Two peak advocacy groups for migrants and refugees in Australia, Federation of Ethnic Communities Councils of Australia (FECCA) and the National Ethnic Disability Alliance (NEDA), have requested Immigration Minister David Coleman to reconsider the government decision to send back a teenage Bhutanese boy, SBS reported.
Australia had Australia refused to give permanent residency to the Bhutanese family citing their 18-year old disabled son.
The boy Kinley Wangyel Wangchuk has learning disabilities and hearing loss. His family have resided in Australia since 2012. The family said if they are forced to return to Bhutan, he will face a “world of isolation” due to social stigma and a lack of support.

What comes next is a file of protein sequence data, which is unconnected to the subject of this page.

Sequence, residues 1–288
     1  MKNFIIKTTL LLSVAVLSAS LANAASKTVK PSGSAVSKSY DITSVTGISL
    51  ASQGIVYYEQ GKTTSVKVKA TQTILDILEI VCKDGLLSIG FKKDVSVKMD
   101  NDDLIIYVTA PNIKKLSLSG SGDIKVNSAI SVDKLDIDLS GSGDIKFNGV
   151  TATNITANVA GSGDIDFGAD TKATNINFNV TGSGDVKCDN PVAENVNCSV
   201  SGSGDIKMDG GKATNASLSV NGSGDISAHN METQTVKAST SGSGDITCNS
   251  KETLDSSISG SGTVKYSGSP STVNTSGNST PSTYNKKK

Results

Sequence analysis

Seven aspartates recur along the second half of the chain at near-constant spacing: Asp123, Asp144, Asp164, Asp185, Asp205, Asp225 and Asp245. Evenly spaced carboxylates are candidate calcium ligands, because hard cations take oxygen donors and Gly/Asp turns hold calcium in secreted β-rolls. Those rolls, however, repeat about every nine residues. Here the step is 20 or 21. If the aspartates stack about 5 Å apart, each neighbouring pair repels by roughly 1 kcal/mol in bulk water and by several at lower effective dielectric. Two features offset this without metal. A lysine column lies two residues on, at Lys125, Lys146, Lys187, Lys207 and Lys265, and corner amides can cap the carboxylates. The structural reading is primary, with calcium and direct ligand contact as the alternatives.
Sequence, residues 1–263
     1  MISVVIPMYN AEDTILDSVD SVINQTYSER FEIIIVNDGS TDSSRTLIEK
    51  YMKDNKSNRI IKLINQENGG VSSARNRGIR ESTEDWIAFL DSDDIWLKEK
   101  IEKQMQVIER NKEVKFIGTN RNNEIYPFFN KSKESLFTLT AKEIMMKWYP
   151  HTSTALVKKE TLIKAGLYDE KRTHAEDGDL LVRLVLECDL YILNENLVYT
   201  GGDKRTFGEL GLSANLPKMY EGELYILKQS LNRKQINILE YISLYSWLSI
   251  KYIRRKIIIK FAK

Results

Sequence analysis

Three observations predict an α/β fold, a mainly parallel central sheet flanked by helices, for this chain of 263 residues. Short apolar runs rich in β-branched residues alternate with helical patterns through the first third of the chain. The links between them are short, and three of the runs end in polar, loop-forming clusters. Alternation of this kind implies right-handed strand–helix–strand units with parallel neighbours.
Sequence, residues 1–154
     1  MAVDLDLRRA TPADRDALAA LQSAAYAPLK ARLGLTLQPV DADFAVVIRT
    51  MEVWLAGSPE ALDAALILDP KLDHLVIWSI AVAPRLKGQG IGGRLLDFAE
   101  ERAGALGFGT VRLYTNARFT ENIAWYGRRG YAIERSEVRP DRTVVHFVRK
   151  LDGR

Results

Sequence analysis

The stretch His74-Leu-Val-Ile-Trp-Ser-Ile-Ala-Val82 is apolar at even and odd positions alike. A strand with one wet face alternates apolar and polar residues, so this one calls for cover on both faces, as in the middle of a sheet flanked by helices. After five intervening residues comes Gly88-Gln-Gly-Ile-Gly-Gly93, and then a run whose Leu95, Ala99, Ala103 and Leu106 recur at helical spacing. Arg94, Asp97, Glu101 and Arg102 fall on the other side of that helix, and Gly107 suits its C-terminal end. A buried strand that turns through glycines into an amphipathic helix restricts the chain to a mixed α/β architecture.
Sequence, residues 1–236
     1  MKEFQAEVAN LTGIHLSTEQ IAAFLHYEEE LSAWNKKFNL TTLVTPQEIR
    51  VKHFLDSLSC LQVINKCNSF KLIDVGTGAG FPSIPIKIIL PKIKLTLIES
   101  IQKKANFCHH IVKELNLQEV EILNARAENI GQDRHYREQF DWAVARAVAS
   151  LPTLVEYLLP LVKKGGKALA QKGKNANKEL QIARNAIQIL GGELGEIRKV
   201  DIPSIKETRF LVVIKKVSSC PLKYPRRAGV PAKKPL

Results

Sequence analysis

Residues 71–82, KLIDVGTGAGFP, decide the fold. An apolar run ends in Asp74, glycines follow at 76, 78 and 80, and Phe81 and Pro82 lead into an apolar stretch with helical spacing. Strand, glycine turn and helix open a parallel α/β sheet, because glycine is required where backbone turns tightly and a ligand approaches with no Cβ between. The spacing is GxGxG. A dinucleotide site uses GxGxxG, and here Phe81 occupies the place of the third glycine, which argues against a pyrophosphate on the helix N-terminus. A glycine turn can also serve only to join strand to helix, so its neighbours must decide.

The Migration Regulations 1994 dictates that an applicant for permanent residency must be “free from a disease or condition in relation to which a person who has it would be likely to require health care or community services”.
“We are deeply concerned that Kinley’s disability status is cited as the determining factor supporting the decision to deny permanent residency to Mrs Pelden (Kinley’s mother) and her family,” the joint letter reads.
“We question the legitimacy of any decision where an applicant’s disability has been assessed against, or is subject to, the health requirement of the Migration Act (1958), as it is known that the health requirement unfairly discriminates against people with disability.”